• Cancer

    Living With Cancer: Taking care of yourself after treatment

woman with headscarf after chemotherapy and cancer treatmentCancer survivors: Care for your body after treatment 
After your cancer treatment, you likely will be eager to return to good health. And beyond your initial recovery, there are ways to improve your long-term health and quality of life so that you can enjoy the years ahead as a cancer survivor. Here's what you can do to take care of yourself after cancer treatment.

Treating ductal carcinoma in situ 
Ductal carcinoma in situ (DCIS) is the presence of abnormal cells inside a milk duct in the breast. DCIS is considered the earliest form of breast cancer. DCIS is noninvasive, meaning it hasn't spread out of the milk duct and has a low risk of becoming invasive. Learn about the diagnosis and treatment options for ductal carcinoma in situ.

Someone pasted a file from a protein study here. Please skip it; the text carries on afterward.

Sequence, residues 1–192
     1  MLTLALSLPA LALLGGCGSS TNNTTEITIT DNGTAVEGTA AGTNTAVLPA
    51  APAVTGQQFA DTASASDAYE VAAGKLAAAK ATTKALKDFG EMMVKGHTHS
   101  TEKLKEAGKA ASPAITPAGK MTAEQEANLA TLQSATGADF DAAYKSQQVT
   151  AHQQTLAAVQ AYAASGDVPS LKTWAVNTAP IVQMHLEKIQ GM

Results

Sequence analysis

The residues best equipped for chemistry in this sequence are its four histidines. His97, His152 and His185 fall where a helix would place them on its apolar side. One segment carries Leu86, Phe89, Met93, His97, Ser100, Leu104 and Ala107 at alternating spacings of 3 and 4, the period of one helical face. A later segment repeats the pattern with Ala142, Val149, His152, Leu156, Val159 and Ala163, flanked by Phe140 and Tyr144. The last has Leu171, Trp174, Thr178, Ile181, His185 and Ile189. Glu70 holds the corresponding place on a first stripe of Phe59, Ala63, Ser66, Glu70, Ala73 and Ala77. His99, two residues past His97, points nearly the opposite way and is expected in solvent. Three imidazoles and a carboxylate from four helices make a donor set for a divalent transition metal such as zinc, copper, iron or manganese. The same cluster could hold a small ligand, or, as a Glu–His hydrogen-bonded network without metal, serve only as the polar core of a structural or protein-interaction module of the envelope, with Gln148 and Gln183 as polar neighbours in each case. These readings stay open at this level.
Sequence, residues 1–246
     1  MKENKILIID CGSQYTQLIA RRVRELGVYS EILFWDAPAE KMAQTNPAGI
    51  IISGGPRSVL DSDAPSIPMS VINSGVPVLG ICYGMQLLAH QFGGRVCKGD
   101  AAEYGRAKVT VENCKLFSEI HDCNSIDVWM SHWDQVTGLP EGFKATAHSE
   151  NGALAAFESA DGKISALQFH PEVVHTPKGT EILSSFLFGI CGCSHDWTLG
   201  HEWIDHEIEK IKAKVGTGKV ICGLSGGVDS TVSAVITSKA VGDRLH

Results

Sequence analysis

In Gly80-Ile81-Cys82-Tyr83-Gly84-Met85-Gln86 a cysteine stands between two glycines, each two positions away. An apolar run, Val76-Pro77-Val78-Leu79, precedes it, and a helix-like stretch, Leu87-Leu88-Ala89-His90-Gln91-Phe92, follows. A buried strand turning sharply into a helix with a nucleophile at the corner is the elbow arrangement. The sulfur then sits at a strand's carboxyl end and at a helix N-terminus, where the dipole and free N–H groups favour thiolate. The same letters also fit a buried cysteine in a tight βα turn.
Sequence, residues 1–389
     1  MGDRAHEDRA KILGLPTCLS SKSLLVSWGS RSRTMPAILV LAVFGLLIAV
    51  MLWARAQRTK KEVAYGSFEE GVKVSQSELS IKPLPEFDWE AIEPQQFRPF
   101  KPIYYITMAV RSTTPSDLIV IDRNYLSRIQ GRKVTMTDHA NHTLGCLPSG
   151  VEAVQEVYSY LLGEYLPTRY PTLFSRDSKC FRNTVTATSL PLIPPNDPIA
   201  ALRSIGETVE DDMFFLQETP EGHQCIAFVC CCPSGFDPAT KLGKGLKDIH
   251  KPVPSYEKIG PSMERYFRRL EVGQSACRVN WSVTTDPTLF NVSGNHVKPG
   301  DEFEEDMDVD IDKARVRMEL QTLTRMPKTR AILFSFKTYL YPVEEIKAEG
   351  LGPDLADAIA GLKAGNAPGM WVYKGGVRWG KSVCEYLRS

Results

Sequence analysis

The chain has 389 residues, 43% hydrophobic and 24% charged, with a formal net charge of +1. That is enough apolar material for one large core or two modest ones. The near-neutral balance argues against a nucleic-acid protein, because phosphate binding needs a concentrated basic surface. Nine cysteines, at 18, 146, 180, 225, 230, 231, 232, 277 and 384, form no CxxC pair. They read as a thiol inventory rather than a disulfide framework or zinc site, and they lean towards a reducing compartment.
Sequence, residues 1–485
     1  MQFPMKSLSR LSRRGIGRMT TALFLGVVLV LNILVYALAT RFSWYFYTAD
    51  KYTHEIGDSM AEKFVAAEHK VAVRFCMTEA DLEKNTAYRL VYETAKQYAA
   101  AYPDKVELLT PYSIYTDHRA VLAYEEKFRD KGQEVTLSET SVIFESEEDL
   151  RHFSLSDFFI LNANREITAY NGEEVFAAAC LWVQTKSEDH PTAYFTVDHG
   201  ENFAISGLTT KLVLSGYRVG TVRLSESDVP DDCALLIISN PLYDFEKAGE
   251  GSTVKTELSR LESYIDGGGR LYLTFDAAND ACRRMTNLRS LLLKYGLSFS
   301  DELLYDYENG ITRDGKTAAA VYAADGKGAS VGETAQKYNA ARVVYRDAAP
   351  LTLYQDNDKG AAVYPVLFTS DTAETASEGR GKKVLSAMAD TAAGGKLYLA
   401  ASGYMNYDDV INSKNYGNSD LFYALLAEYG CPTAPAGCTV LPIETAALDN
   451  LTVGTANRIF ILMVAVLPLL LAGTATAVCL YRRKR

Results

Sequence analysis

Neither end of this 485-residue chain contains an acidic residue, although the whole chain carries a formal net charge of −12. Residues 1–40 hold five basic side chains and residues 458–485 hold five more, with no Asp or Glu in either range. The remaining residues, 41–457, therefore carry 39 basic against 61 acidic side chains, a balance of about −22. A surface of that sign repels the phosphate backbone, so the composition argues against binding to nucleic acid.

Paraneoplastic syndromes of the nervous system 
Paraneoplastic syndromes of the nervous system are a group of uncommon disorders that develop in some people who have cancer. They occur when cancer-fighting agents of the immune system also attack parts of the brain, spinal cord, peripheral nerves or muscle. Depending on where the nervous system is affected, paraneoplastic syndromes can cause problems with muscle movement or coordination, sensory perception, memory or thinking skills, or sleep. Learn more about the different types and symptoms of paraneoplastic syndromes of the nervous system.